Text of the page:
Overseas fees (FT): £24,610 for 2017/18
UK/EU fees (FT): £12,380 for 2018/19
UK/EU fees (PT): N/A for 2018/19
Overseas fees (FT): £25,880 for 2018/19
Overseas fees (PT): N/A for 2018/19
The Department of Computer Science is offering Excellence Scholarships to our taught postgraduate students. To check your eligibility and to apply, see the Computer Science Excellence Scholarship application form.
For a comprehensive list of the funding opportunities available at UCL, including funding relevant to your nationality, please visit the Scholarship and Funding website.
Tuition Fee Deposit
This programme requires that applicants firmly accepting their offer pay a deposit. This allows UCL to effectively plan student numbers, as students are more demonstrably committed towards commencing their studies with us.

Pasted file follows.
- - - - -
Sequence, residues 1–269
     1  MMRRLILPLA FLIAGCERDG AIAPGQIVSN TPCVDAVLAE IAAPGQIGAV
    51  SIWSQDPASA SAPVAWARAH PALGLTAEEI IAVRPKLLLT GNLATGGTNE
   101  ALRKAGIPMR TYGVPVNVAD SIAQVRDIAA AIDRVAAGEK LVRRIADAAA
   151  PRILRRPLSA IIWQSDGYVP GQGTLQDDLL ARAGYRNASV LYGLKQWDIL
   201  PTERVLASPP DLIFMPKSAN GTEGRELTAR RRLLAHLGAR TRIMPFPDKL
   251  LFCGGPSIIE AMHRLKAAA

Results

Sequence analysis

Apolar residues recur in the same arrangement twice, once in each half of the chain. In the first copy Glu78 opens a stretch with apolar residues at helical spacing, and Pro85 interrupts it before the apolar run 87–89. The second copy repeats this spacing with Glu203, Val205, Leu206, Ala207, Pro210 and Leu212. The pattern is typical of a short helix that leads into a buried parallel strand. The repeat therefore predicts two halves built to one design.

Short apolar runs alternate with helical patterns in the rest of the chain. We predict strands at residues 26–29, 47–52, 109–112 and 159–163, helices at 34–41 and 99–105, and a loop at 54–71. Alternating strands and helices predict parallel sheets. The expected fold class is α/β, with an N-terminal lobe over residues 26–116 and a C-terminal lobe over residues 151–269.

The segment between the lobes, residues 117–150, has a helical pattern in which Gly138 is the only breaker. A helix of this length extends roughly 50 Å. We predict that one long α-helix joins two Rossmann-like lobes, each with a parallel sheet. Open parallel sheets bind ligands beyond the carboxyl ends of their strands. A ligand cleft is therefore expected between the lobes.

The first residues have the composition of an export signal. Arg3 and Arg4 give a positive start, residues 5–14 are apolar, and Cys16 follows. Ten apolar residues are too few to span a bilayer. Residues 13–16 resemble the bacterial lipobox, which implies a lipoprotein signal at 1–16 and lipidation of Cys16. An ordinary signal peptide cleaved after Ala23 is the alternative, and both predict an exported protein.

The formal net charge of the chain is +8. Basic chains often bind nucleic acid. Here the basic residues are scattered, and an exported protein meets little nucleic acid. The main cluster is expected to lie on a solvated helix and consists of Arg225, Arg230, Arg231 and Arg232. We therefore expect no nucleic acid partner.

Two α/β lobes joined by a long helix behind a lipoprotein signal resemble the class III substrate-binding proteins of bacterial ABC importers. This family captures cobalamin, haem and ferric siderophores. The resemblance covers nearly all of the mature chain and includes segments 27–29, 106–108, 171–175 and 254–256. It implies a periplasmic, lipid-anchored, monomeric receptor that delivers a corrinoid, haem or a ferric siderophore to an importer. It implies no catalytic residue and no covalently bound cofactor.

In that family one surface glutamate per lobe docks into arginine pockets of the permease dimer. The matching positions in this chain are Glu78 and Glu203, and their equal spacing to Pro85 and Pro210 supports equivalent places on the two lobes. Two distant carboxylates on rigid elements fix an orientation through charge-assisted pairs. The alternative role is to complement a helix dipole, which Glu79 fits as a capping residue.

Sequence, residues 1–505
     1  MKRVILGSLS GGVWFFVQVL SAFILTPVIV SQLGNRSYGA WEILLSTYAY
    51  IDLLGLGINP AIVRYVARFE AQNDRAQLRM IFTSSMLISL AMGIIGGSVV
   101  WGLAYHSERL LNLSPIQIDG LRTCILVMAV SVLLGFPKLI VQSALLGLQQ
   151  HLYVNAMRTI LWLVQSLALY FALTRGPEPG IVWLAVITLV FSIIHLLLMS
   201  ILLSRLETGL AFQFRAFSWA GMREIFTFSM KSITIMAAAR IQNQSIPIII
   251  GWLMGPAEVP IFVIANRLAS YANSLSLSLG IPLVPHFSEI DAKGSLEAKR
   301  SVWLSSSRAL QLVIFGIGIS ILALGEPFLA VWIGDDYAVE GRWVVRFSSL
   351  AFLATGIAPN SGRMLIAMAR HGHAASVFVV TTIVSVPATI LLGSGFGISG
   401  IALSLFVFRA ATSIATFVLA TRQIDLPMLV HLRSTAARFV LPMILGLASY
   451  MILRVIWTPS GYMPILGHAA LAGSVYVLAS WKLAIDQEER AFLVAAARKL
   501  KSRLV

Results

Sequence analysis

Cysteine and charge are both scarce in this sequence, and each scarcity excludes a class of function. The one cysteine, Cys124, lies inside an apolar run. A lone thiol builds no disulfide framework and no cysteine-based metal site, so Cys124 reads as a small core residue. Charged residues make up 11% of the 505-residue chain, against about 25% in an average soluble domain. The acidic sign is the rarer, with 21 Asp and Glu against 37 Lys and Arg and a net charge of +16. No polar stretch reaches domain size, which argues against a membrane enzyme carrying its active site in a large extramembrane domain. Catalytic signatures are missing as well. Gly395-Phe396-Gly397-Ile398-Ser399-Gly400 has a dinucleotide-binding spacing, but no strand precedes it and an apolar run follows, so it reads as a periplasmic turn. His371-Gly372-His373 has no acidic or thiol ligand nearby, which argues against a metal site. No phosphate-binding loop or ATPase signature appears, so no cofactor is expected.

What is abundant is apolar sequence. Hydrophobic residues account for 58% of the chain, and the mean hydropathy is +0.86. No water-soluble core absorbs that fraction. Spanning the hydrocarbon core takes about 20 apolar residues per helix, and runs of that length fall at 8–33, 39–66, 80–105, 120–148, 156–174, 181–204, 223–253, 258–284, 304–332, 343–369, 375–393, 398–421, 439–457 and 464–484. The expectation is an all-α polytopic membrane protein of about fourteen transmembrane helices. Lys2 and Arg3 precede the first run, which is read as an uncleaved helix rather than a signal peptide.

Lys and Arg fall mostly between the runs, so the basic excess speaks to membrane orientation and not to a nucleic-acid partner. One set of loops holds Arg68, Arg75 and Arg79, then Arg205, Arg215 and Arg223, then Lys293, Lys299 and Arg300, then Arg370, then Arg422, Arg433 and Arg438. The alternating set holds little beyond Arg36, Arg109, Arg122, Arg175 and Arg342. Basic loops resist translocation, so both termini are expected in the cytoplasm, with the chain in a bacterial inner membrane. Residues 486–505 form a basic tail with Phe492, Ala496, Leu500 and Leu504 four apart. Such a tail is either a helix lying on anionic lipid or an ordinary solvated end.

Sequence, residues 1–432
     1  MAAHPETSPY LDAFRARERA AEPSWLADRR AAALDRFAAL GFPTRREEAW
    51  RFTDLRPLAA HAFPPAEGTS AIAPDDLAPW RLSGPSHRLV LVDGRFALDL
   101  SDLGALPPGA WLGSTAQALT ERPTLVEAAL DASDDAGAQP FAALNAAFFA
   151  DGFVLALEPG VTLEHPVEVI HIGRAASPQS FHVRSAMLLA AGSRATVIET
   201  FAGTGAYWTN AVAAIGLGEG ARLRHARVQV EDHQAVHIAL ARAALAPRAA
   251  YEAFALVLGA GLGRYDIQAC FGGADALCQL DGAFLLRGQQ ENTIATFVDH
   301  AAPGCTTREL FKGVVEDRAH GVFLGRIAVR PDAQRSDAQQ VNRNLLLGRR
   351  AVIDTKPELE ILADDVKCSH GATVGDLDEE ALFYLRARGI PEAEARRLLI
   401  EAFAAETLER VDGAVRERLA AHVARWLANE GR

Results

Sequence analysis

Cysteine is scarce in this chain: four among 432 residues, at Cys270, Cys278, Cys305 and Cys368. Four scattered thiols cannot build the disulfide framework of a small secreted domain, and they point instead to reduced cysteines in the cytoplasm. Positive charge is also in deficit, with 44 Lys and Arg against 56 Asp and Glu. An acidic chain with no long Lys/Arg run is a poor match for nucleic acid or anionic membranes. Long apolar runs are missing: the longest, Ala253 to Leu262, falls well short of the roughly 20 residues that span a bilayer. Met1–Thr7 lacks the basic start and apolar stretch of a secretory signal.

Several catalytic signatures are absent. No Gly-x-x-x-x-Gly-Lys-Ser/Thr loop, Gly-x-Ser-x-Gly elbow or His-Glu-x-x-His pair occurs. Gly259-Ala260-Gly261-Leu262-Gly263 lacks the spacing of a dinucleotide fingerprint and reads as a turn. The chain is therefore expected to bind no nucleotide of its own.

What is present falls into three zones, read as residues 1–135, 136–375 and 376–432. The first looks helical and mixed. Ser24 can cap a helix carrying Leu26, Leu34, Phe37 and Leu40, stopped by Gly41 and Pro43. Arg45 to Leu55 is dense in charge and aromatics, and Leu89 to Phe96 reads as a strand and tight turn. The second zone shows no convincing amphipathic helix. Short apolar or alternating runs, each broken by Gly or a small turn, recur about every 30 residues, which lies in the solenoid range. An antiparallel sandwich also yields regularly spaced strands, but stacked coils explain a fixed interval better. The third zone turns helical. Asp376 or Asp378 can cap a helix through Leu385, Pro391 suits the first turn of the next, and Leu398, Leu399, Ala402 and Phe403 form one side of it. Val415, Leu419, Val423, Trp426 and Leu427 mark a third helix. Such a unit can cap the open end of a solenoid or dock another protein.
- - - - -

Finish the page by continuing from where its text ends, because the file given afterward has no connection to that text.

For full details about the UCL tuition fee deposit, please see the central UCL pages.
Tuition fee deposits within the Department of Computer Science are currently listed as:
|*where part-time is an available mode of study|
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Average starting salary £31,200 (all data from Graduate Surveys, January 2014)
To apply now click here.
Students are advised to apply as early as possible due to competition for places, later applications may be less successful.
Those applying for scholarship funding (particularly overseas applicants) should take note of application deadlines.
Deadline for submission of applications is 17:00 on 26th April 2019, including references and additional documents.